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Eliana has made it to Brazil, and will soon(ish) be on the east coast.

Hello everyone. It has been a long time since I have been on. I've spent the past month in Salvador, Brazil, and thoroughly enjoyed Carnival!

I will leaving here in the next couple days (Monday or Tuesday) and head north. I am currently singlehaded, but a friend of mine is stranded in the Caribbean and I will be picking her up. I will make a couple very quick stops in the Caribbean before making landfall in the US (finally) in Miami sometime in April.

From there ????

I need to find a place to stay for the Hurricane season, and that place needs to be friendly to liveaboards, and I (rather desperately) will need to find work. My career was a broadcast engineer, so a big city with lots of TV stations would be ideal. I could probably also find a job in IT. Or even Starbucks would work if I can comfortably live at anchor someplace.

I hope to be able to run into some of you as I wander north. Any suggestions of where I should stop to work?

Also, a few of you donated to the gofundme my mom set up. THANK YOU! I would not have been able to make it as far as I have without that, and at least being able to make it to the USA gives me a chance to work for a while to save money again.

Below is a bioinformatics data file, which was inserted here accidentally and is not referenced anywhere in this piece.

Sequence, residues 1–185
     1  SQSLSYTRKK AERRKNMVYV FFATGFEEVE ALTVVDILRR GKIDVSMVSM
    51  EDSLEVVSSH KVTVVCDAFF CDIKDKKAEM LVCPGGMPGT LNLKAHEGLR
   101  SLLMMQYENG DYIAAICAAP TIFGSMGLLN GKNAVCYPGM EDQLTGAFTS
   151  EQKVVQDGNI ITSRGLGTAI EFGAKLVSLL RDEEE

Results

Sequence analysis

-Warren
s/v Eliana
 
Hi Warren,

Congrats on some fantastic adventures! Very inspiring. If you make it as far north as the mid-Chesapeake, there are a whole lot of marina choices (from very basic to quite fancy) and the proximity to DC or Baltimore can be reasonable. We live in DC and the drive to our marina in Deale, MD is about 45 min normally, maybe an hour max at rush hour. Not the best commute in the world but not the worst either, and I think pretty good as far as affordable liveaboard options close to a city? Can't really say what the job market looks like in your fields, but I have to imagine there are quite a few broadcasters, all sorts of IT, and about 6 million Starbucks :)